He added that ensuring the nation’s safety requires a compassionate spirit, firm resolve, and decisive action.

Joined the SAFVC in 2021

Upon realising that his volunteering efforts directly impacted the safety and security of his homeland, Mr van der Ros took a significant step by enlisting in the SAFVC in 2021. 

He currently holds the role of an Auxiliary Security Trooper within the SAFVC.

The SAFVC stands as a uniformed volunteer program designed to offer Singaporeans and Permanent Residents the chance to actively contribute to national defence and safeguard the nation’s security.

“By volunteering as a soldier, I’ve also grown as a humanitarian volunteer,” Mr van der Ros said.

He vividly recalls a mission to Sri Lanka with the Singapore Red Cross in August, during which the SAFVC embarked on a visit to four schools.

Image: Amos Chew, Nadim Van Der Ros

The team’s activities included distributing food, installing water filters, and training in first aid and humanitarian principles.

In addition to these responsibilities, Mr van der Ros took on the role of educating the students on crucial subjects such as proper oral hygiene, effective handwashing techniques, mosquito control, and physical fitness.

He observed that while military and humanitarian work may have distinct objectives, these two realms frequently converge and share common skills and disciplines, with adaptability being a prime example.

Image: Amos Chew, Nadim Van Der Ros

For instance, lesson plans initially crafted within the confines of SAFVC’s offices needed significant adjustments to suit the real-world conditions on the ground, given the absence of conventional classrooms within the Sri Lankan schools.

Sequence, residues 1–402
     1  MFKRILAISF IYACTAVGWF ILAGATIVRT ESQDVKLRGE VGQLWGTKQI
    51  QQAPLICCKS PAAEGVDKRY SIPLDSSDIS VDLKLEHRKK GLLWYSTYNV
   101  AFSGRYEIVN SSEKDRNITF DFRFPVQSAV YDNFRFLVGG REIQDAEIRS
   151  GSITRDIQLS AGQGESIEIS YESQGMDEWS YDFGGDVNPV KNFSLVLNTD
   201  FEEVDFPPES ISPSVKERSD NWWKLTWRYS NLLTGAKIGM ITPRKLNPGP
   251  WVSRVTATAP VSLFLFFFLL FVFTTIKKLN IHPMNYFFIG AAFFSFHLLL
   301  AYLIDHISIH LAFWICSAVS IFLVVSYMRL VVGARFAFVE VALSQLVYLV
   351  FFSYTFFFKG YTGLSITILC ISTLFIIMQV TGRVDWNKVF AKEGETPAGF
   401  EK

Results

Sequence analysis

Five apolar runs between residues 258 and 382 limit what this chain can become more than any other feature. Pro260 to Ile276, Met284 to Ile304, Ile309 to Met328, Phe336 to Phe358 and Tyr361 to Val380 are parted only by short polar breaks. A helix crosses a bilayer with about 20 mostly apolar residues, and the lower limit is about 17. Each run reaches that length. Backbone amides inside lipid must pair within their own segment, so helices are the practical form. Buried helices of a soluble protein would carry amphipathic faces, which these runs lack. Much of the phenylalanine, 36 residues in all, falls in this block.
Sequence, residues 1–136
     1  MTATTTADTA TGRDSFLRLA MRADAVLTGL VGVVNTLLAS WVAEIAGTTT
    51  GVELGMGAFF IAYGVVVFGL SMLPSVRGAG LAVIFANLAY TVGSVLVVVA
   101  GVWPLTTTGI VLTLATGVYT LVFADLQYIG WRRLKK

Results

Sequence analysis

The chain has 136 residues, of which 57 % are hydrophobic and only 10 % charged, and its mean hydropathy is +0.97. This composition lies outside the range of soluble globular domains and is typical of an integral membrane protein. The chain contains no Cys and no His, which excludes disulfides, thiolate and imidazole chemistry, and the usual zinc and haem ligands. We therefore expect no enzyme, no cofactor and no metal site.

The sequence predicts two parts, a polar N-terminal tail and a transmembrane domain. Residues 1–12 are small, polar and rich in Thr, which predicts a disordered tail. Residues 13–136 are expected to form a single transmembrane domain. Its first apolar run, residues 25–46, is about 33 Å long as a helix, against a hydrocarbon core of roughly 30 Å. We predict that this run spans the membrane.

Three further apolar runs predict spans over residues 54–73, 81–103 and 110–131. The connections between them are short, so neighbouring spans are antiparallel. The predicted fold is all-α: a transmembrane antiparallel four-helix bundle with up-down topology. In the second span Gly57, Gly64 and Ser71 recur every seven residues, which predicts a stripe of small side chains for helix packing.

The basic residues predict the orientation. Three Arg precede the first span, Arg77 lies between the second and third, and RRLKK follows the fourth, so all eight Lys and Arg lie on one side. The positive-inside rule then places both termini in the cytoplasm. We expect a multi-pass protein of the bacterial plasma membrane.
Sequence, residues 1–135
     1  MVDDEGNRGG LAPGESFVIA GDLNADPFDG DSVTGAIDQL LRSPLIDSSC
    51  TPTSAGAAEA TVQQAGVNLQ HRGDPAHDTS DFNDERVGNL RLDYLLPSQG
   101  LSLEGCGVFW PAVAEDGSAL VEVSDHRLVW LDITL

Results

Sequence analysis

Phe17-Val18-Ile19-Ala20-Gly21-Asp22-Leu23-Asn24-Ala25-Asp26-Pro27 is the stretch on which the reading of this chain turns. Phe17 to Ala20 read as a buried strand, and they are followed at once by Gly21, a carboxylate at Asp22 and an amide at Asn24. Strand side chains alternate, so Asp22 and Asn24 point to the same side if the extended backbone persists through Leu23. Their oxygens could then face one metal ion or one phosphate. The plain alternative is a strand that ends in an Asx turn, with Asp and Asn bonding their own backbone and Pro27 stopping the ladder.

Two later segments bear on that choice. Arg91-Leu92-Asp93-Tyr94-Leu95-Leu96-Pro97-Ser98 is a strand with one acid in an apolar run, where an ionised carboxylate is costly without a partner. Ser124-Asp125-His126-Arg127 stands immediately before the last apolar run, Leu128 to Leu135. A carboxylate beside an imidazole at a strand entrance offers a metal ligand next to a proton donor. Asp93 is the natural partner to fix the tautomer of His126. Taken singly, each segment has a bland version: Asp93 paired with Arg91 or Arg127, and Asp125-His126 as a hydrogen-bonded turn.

A profoundly moving moment unfolded during the trip when the soldiers paid a visit to the Sri Lanka Singapore Friendship College, a girls’ school that received support from the Singapore Red Cross following the devastating 2004 Indian Ocean earthquake and tsunami.

This disaster, the nation’s most catastrophic, claimed 31,000 lives in Sri Lanka and displaced nearly a million people.

The team’s arrival at the school was met with a heartfelt reception as the school’s marching band extended a warm welcome. 

They played Singapore’s national anthem and, alongside the national flag of Sri Lanka, proudly raised the flag of the Republic during a touching flag-raising ceremony.

He said: “Volunteering isn’t just an act, it’s a calling. It’s a life filled with purpose and contribution.”

What is SAFVC?

If you don’t know what SAFVC is, we’ve got you covered.

The Singapore Armed Forces Volunteer Corps (SAFVC) is a uniformed volunteer initiative designed to expand the pool of contributors to Singapore’s national defence.

Eligible applicants include Singaporean women, first-generation Permanent Residents (PRs) and new citizens.

Established in 2014, SAFVC serves as a platform for both Singaporean men and women aged 18 to 45 who have fulfilled their National Service (NS) obligations to continue their part-time service to the nation.

Volunteers enrolled in SAFVC undergo military training, acquire valuable skills, and have the flexibility to select from various roles, including support for humanitarian missions, cybersecurity, or crisis response.